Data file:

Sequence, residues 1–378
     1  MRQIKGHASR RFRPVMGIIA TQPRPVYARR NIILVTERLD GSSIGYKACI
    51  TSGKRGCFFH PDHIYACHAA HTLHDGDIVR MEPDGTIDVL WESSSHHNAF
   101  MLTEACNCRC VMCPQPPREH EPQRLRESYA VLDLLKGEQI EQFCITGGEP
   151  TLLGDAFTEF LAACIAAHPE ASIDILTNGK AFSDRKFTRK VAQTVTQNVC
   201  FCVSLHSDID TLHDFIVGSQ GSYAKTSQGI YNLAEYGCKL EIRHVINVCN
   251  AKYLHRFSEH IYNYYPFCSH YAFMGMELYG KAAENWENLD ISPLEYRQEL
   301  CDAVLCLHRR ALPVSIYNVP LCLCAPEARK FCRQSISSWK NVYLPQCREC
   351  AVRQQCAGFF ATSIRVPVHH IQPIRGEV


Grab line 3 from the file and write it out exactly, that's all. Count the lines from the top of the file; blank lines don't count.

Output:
    51  TSGKRGCFFH PDHIYACHAA HTLHDGDIVR MEPDGTIDVL WESSSHHNAF